“Alice, Darling” has been billed as a thriller, and indeed, the mounting dread of the trailer could easily lead you to think it’s a cannibalistic slasher in the style of 2022’s “Fresh” or 2020’s “Invisible Man.” That false head it is intentional. Director Mary Nighy and writer Alanna Francis use the rhythms of stalker suspense to quietly critique the genre’s narrow view of interpersonal violence and its unitary and personal triumph over adversity. Similar to «Talking Women,» the creators of «Alice, Darling» steer clear of pulp tropes to steer clear of patriarchal violence and patriarchal control.

The creators of «Alice, Darling» steer clear of pulp tropes to steer clear of patriarchal violence and patriarchal control.

The Alice of the title is played by Anna Kendrick, who spends the first 15 minutes of the film’s broadcast, through a nervous facial expression and frighteningly stiff body language, that her supposedly idyllic relationship with up-and-coming artist Simon (Charlie Carrick ) is not as perfect as it seems. When her best friends Sophie (Wunmi Mosaku) and Tess (Kaniehtiio Horn) invite her to a cabin for a week’s vacation, Alice lies to Simon, saying she’s on a business trip and joining them again. ambivalent way.

There are numerous indications of upcoming violence. A jump scare early in the film when Simon unexpectedly joins Alice in the shower is (almost certainly intentional) a nod to «Psycho.» The remote location of Sophie’s house, complete with a deep, dark lake, is a staple of slasher movies. A girl in town has disappeared under mysterious circumstances – more potential narrative foreshadowing. Finally, Sophie shows Alice how to use a mallet to chop wood. According to slashers, in which the final girl is always better at fighting than one might expect, Alice is unexpectedly enthusiastic about the tool and is skilled with it.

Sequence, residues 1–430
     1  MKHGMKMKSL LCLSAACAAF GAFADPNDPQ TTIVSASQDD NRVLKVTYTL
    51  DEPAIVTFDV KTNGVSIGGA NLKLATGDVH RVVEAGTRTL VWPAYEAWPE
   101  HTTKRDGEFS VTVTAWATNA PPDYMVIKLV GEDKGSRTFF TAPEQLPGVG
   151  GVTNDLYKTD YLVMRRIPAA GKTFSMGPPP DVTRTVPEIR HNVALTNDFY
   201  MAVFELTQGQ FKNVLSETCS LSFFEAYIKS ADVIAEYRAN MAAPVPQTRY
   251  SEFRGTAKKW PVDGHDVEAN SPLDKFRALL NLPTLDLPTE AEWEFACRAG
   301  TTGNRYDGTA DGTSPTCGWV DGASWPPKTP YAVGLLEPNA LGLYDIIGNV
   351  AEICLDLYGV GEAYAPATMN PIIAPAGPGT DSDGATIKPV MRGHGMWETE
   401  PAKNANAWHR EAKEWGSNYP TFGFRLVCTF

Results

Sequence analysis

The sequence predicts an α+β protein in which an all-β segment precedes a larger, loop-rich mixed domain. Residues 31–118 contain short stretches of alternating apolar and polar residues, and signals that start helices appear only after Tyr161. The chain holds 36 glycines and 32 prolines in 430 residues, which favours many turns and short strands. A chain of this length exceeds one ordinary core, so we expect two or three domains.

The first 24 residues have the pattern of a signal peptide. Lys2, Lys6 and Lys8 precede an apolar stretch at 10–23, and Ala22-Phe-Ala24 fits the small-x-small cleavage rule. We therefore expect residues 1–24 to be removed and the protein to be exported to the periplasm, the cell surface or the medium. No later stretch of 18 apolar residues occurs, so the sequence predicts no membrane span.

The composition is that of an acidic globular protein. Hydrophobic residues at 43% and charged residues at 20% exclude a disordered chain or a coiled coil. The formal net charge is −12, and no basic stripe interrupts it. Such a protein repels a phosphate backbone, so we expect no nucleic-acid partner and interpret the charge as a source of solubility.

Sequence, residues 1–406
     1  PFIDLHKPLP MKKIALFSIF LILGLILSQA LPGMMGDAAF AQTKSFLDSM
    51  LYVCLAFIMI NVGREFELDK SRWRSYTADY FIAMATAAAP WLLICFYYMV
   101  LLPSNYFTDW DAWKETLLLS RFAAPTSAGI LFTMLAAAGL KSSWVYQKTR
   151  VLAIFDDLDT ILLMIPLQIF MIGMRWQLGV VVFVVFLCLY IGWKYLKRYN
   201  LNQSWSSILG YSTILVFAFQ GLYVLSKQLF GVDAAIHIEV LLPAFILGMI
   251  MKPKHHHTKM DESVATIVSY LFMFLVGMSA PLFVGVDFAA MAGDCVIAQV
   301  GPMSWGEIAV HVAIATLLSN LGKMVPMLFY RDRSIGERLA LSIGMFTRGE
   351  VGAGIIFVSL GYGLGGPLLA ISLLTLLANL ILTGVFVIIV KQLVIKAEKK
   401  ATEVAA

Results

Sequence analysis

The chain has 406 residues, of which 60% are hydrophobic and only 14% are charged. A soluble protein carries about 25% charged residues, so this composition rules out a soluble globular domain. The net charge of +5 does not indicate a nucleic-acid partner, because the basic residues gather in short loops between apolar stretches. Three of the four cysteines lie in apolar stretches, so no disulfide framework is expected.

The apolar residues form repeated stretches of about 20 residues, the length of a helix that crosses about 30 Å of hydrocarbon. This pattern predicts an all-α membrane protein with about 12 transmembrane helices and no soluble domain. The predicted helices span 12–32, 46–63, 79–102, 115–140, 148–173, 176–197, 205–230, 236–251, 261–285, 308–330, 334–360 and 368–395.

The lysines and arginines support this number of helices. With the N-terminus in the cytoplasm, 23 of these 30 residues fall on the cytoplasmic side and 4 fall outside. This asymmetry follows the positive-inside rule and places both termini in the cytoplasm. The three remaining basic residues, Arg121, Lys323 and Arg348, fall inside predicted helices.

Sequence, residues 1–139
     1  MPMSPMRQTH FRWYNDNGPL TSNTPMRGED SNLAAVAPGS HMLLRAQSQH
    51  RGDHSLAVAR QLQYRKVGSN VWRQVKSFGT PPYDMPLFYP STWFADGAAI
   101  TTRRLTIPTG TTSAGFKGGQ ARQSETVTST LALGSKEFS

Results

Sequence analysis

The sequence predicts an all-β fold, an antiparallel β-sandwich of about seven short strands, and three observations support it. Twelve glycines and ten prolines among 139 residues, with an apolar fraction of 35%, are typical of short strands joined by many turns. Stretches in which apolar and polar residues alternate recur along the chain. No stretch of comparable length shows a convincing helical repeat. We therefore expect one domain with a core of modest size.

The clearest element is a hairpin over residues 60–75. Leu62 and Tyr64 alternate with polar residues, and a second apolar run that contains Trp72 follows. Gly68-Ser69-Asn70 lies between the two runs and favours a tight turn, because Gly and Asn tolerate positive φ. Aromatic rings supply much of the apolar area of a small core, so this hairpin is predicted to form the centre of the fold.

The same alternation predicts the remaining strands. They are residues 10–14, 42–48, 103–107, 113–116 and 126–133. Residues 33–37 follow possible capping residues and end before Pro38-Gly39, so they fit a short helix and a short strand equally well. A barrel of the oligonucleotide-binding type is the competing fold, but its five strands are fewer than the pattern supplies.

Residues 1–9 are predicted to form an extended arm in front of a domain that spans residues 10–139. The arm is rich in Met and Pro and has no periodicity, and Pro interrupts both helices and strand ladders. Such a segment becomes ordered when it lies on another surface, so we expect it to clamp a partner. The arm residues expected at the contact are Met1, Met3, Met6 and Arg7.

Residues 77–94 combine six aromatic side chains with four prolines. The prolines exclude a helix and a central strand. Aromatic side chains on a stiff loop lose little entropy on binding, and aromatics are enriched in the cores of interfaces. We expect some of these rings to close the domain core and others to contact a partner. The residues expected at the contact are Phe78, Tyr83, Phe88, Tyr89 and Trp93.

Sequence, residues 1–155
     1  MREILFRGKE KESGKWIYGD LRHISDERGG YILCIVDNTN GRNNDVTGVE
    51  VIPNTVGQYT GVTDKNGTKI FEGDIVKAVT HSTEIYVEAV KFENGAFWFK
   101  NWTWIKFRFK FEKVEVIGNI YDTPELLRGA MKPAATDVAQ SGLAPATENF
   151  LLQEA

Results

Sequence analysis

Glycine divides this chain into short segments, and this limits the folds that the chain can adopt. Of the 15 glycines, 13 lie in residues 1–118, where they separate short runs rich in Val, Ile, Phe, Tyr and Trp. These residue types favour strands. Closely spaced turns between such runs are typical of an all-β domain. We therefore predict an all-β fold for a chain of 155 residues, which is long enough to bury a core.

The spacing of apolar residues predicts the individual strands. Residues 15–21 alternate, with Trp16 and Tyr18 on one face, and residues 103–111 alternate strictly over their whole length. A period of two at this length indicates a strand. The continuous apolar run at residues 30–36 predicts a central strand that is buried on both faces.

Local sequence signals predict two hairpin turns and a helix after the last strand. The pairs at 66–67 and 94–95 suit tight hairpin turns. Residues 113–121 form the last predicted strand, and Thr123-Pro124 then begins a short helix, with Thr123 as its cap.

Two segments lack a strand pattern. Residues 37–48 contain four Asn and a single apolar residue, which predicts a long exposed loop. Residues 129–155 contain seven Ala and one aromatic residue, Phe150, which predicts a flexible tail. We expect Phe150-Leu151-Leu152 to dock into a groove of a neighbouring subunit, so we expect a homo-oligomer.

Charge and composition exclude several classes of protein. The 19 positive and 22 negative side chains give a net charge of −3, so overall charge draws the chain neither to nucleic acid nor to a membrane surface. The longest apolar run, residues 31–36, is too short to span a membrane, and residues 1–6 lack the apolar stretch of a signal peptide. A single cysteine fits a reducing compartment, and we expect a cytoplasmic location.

If we were in a horror movie, you would know the story from here. Someone, either Simon or someone like Simon, would come after Sophie, Tess and Alice one by one. There would be bloody deaths and disembowelments. Alice’s affinity for sharp tools would become her salvation. At the end of the film, she, the Final Girl, would reveal her inner strength and her capacity for mega-violence, besting the antagonist in an apocalypse of self-actualization.

However, that is not what happens here. The film mostly avoids hyperbolic terror and triumph, allowing more intimate moments of anxiety and despair to resonate with nauseating force. Alice is constantly on the verge of falling apart. Each text from Simon sends her into a paroxysm of nervousness and anxiety; she sends him photos of sexy cleavage with grim determination. When she loses the earrings he gave her in the lake, she desperately begins diving to find them. It’s like she’s trying to drown, or like she’s already drowning.

The persistent anticlimax is intentional. Alice tells her friends at one point that Simon has never hurt her, which means he hasn’t hurt her. paste his. They are unbelievers. It is obvious that even though he has never touched her, Simon has seriously hurt her. Stalker genre movies always show us abuse bathed in blood. However, domestic violence in real life can be less dramatic. Simon is an expert with the weapons of criticism, shame, anger, name calling, and surveillance. Even the sex scenes are studiously non-violent, though they clearly show Alice’s misery.

Simon doesn’t need a gun. But Alice doesn’t need that deck to empower herself either.

Simon doesn’t need a gun. But Alice doesn’t need that deck to empower herself either. To add to the tension and a sense of isolation, thrillers typically focus on just one heroine, with her support structure systematically stripped away to better reveal her lonely genius. But in «Alice, Darling,» Sophie and Tess are more of a resource than cannon fodder. The movie is as much about them finding out what’s wrong with her friend as it is about Alice trying to escape from Simon. Once again, as in «Mujeres que hablando», the answer to patriarchy is not a strong woman who destroys the system, but an alternative community of women. In this film, feminism is a collective project.

Collective projects require negotiation and don’t necessarily fit pulp entertainment tropes as neatly as straight-up fantasies of empowerment. Much of «Alice, Darling» is made up of little revealing moments: Alice refuses to sing while Sophie plays the guitar, Tess puts her hand on Sophie’s heart. In the big confrontation in the movie, the three women mostly just stand there, saying almost nothing.

By nodding to stalker/slasher movies while refusing to be a stalker/slasher movie, “Alice, Darling” may irritate or confuse some viewers. Sometimes, though, it’s important to tell stories even when, or especially when, they’re not the stories we hoped for. Alice finds her own way, in part by discovering that she doesn’t have to do it alone.